Reds Infielder / Top Salesman

In any given set of baseball cards some player will be portrayed just as they launch a career year. Cincinnati Reds second baseman Bobby Adams led the National League in hitting singles in 1952, getting one for almost every game played (145 vs. 154). He wasn’t an Ichiro Suzuki prequel, as his batting average was a more mundane but respectable .283 that year (In addition to leading the league in singles he was also at the top of the leaderboard for getting out).

Adams wasn’t just a contact-hitting infielder: He was a persuasive salesman. When not playing ball he would travel around the city selling ticket packages. The comic strip on the back of his 1954 Topps baseball card states he was the team’s top performing salesman the previous winter.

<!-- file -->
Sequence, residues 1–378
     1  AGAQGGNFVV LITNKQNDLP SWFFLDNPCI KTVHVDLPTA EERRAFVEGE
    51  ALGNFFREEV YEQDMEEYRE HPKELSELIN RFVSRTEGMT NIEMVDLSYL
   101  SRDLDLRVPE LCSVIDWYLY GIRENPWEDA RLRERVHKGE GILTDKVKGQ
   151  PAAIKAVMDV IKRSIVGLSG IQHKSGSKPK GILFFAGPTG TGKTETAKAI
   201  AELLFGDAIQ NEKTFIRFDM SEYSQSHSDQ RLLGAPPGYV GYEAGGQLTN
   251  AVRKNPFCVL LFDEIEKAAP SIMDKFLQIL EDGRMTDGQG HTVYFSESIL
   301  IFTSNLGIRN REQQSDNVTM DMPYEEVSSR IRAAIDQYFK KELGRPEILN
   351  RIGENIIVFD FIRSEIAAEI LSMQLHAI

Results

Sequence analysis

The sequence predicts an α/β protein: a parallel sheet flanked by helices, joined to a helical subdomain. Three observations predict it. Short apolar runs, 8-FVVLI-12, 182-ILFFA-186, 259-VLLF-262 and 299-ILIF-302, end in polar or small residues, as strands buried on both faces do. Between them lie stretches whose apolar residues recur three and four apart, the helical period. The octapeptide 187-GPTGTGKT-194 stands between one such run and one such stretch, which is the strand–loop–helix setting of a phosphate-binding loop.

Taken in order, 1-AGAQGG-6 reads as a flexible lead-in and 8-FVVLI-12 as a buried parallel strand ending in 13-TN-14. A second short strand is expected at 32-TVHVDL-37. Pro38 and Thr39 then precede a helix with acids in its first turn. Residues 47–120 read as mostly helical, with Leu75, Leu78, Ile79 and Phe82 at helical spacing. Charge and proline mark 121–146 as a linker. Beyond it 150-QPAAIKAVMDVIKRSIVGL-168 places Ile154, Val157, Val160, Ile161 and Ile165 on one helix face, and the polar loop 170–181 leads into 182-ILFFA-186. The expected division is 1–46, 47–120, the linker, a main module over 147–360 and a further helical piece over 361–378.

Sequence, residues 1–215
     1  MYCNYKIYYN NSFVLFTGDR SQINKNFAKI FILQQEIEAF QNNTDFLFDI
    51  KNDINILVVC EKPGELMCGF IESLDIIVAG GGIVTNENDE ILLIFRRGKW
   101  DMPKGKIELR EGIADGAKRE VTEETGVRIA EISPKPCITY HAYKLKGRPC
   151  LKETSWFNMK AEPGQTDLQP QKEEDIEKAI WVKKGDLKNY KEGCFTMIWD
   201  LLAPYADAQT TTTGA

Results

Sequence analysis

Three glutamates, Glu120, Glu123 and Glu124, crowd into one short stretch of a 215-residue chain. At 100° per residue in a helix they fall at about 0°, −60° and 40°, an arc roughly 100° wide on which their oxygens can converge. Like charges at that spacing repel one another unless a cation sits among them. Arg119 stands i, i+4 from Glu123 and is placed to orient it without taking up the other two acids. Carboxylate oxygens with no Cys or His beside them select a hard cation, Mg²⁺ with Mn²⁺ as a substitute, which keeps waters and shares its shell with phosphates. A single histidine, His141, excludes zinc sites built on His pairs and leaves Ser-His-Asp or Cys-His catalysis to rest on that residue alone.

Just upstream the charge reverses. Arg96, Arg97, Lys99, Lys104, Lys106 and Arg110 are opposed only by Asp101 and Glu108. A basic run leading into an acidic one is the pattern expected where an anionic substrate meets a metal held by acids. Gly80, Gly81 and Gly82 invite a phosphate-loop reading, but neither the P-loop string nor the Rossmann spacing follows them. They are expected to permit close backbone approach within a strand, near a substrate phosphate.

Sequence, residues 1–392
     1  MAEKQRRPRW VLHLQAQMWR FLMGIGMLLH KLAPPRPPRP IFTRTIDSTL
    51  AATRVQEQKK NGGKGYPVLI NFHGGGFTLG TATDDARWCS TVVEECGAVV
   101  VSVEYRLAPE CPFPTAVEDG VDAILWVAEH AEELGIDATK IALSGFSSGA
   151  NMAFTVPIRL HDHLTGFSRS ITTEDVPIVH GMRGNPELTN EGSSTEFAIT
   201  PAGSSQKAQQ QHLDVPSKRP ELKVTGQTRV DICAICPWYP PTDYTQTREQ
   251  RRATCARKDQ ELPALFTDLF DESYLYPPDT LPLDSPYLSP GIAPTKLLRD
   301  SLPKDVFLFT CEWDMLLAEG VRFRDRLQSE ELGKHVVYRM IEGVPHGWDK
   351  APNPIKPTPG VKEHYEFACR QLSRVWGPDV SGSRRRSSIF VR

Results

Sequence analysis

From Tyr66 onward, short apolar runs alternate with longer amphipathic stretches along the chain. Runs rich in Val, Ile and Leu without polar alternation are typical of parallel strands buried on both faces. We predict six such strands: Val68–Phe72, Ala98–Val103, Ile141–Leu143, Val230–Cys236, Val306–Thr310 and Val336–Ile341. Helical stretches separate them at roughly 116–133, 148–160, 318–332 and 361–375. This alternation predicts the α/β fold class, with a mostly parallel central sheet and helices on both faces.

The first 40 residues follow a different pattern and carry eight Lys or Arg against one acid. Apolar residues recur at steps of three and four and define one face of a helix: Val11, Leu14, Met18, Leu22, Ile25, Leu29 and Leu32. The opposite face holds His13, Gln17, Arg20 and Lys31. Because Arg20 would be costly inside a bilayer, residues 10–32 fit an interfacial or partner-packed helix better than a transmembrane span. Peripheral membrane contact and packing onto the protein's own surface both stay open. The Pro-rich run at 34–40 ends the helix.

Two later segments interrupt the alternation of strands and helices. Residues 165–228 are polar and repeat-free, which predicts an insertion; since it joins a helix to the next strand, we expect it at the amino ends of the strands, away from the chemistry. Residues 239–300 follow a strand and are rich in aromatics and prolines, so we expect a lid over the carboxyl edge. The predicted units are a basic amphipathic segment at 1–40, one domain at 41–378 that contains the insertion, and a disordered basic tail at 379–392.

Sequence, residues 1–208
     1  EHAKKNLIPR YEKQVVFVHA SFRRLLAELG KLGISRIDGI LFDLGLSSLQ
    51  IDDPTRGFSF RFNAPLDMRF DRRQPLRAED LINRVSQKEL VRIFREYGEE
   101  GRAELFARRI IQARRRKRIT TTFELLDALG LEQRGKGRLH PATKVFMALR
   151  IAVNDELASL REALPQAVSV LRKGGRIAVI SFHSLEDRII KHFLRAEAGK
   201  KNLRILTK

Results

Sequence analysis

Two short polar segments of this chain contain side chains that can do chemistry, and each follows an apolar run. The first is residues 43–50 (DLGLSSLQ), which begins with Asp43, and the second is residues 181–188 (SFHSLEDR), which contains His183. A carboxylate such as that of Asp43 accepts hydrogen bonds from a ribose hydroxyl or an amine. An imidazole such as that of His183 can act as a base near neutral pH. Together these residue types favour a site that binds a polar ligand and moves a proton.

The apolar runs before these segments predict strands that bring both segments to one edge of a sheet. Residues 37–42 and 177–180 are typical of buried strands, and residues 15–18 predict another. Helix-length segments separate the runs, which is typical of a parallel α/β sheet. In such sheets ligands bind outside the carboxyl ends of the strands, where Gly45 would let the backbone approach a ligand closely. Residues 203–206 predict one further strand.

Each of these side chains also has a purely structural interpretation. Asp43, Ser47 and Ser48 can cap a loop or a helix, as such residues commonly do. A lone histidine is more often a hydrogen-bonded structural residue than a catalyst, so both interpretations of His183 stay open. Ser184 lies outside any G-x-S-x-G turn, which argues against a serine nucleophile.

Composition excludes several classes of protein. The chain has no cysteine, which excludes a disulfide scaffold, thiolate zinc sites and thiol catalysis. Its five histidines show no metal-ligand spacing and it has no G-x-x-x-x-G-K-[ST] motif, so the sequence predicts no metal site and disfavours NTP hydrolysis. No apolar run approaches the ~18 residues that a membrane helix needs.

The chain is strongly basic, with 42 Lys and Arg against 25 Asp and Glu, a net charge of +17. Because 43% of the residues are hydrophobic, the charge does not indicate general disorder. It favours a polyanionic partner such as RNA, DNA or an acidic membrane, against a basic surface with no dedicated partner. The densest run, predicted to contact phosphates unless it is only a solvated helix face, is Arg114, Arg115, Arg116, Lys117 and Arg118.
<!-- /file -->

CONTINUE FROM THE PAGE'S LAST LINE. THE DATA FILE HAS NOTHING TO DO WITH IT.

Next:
Bobby’s 1952 Topps Card

The corners are rounded, the upper right has a scuff on the front, and this card was once glued to a scrapbook. How much did some kid play with this before deciding it should be glued down?

The text on the back of this card mentions some of his earlier pro-baseball days but doesn’t say a word about him sharing them with his brother, Philadelphia A’s outfield Dick Adams.